34 Vintage Photos of Pennsylvania Coal Miners at Work in 1942

In 1942, Office of War Information photographer John Collier visited the Montour No. 4 Mine of the Pittsburgh Coal Company in Washington County, Pennsylvania.

Montour No. 4 was a mine for bituminous coal, one of the most volatile forms, requiring the miners to vigilantly monitor for the presence of flammable gases.

Collier followed the miners as they moved underground through the near-horizontal drift mine, laying track for machinery, drilling and blasting with dynamite, all the while maintaining caution for possible collapses or explosions.

Miners prepare to ride down into the mine.
A helpful sign on a safety door.
Miners pick up safety lamps from the lamp room.
A miner tests for the presence of flammable gas using a safety lamp.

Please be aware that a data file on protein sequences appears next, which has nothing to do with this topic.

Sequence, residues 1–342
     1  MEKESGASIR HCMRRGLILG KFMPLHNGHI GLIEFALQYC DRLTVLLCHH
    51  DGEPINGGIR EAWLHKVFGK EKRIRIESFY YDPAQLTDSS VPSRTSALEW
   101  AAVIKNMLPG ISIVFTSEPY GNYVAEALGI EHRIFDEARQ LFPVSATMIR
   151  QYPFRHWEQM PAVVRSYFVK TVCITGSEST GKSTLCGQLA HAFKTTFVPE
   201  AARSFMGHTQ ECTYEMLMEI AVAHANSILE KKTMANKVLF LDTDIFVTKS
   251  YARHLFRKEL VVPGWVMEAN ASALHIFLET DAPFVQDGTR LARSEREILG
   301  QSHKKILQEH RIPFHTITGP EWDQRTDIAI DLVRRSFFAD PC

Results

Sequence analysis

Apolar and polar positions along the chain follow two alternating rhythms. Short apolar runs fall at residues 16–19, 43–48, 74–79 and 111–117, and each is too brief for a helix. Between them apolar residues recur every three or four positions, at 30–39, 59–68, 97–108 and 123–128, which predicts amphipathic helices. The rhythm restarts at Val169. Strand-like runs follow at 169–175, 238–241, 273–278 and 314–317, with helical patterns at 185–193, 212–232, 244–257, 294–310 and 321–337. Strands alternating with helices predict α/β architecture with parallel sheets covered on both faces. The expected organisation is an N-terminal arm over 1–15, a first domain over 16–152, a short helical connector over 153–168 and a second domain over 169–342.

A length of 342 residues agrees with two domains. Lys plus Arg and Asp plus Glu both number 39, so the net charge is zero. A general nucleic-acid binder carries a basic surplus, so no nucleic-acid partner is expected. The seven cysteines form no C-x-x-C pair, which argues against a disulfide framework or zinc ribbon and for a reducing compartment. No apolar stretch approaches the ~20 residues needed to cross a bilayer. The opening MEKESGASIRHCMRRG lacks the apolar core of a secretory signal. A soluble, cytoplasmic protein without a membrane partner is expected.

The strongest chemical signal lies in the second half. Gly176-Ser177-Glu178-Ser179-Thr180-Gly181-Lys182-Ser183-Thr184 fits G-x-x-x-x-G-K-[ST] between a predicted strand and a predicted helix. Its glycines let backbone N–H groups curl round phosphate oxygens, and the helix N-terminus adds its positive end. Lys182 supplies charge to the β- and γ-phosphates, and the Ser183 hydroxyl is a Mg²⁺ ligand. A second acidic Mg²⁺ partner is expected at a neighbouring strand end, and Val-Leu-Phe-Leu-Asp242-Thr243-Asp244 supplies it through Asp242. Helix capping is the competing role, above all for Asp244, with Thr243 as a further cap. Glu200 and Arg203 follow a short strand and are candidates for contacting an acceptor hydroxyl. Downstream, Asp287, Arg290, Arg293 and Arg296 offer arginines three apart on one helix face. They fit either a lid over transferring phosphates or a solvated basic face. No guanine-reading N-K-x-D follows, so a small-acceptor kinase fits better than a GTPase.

Miners install timber supports.
Miners adjust a block signal.
Miners drill a hole for blasting.
A miner detonates a stick of dynamite.
Miners break for lunch in the machine shop.
A miner tests for flammable gas using a safety lamp.
A mechanic.
A miner tests the stability of the tunnel roof.
A section of the mine with an unusually high roof due to poor ceiling quality.
Miners lay track for machinery.
Miners pull down an unstable roof.
Miners operate a machine for gathering coal.
Miners drill a hole for blasting.
Mechanics repair equipment.
The section foreman and assistant mine superintendent review the day’s work.
The mine foreman waits for the afternoon shift.
Mine engineers check surveys after a day’s work.

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